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Body Harnesses: Will It Catch You if You Fall?

If a body harness fails when a municipal worker is experiencing a fall, the end result could be catastrophic. A full body harness is a key component of keeping a worker safe, but even if an employee is wearing a harness, it doesn’t necessarily mean that it will save his or her life.

Harness inspections by a competent person, proper storage, and maintenance of a full body harness play important roles in helping keep workers safe if a fall occurs. Employees are required to visually inspect their body harnesses before each use to ensure they are in good condition. In addition, each body harness is required to undergo a thorough and documented inspection by a “competent person” annually.

OSHA defines a competent person as “one who is capable of identifying existing and predictable hazards in the surroundings or working conditions which are unsanitary, hazardous, or dangerous to employees, and who has authorization to take prompt corrective measures to eliminate them.”

There are a variety of components to pay special attention to when inspecting harnesses. First, look at the hardware to make sure it’s not damaged, distorted, cracked, or corroded. The hardware includes, but is not limited to: D-rings, buckles, keepers, and back pads. Next, take a look at the webbing to make sure it is not cut, burned, torn, frayed, discolored, or otherwise compromised. Lastly, it is very important to make sure the stitching is not damaged or cut and all of the labels are securely in place and legible.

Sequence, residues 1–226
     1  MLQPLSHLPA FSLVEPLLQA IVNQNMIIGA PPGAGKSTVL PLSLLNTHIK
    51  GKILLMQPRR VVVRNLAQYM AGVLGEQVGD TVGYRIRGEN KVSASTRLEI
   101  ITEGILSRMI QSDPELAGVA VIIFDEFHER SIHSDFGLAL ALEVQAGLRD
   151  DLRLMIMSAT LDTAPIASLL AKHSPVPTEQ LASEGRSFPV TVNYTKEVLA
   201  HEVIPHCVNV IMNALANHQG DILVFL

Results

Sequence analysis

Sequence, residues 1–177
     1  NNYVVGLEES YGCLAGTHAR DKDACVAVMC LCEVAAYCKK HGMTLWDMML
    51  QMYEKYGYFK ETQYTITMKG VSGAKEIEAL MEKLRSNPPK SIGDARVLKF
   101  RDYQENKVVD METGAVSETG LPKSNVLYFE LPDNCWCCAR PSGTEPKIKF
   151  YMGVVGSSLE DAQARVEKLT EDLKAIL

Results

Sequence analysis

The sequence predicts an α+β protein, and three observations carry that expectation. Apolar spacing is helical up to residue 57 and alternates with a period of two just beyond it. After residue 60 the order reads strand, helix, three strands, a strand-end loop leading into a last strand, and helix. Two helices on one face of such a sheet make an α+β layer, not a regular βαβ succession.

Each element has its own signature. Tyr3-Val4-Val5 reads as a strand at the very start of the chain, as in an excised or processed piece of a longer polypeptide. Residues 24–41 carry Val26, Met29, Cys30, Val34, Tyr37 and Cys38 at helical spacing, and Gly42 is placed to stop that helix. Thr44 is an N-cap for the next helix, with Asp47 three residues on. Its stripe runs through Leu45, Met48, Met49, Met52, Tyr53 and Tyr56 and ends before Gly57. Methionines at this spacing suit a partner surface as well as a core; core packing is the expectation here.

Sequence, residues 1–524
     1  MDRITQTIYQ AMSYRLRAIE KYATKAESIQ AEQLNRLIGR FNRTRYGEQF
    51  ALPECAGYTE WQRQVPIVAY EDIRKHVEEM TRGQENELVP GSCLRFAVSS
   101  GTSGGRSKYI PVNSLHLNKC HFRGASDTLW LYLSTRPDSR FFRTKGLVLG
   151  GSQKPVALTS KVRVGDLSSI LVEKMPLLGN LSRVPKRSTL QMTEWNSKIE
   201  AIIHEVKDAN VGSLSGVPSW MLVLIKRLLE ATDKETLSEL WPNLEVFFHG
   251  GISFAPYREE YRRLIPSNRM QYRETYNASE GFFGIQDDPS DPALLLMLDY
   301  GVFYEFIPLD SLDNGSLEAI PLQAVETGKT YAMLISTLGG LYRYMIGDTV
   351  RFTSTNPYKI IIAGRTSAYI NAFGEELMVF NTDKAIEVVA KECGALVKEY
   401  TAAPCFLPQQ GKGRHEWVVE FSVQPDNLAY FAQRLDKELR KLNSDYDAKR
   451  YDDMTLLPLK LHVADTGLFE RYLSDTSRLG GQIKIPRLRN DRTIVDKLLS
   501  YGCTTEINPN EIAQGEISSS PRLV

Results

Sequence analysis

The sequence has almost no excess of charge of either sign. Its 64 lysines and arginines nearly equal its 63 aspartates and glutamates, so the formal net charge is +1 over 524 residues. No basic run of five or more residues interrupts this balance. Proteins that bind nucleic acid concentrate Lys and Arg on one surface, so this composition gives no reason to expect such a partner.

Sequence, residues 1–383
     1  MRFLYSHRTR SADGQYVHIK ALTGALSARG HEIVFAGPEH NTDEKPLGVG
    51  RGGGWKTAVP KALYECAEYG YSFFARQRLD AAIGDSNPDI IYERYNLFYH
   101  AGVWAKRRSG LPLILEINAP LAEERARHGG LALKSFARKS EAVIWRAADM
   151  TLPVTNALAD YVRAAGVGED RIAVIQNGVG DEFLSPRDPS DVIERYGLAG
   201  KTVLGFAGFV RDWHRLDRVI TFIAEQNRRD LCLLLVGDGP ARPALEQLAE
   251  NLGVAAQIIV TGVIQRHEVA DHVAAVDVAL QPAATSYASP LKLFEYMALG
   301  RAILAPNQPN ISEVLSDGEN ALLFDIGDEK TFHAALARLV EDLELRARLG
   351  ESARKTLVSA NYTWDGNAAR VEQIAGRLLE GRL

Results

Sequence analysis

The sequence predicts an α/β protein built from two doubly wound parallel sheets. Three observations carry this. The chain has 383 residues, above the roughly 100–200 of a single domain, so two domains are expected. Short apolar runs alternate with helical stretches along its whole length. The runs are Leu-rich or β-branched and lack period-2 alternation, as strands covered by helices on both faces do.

Proper storage and maintenance of body harnesses is also critical to help keep them in good condition.

Follow the tips below to help ensure that your equipment will remain ready for use.

Storage and Maintenance Tips

  • Never store a body harness in the bottom of a toolbox, on the ground, or outdoors exposed to the elements (i.e., sun, rain, snow, etc.)
  • Hang equipment in a cool, dry location in a manner that retains its shape
  • Always follow manufacturer recommendations for inspections
  • Clean with a mild, nonabrasive soap and hang to dry
  • Never force dry or use strong detergents in cleaning
  • Never store equipment near excessive heat, chemicals, moisture, or sunlight
  • Never store in an area with exposures to fumes or corrosive elements
  • Avoid dirt or other types of build-up on equipment
  • Never use this equipment for any purpose other than personal fall arrest
  • Once exposed to a fall, remove equipment from service immediately

Having a body harness work correctly when it is needed is critical when it comes to keeping municipal employees safe. We recommend that all body harnesses are visually inspected before each use and annually by a competent person.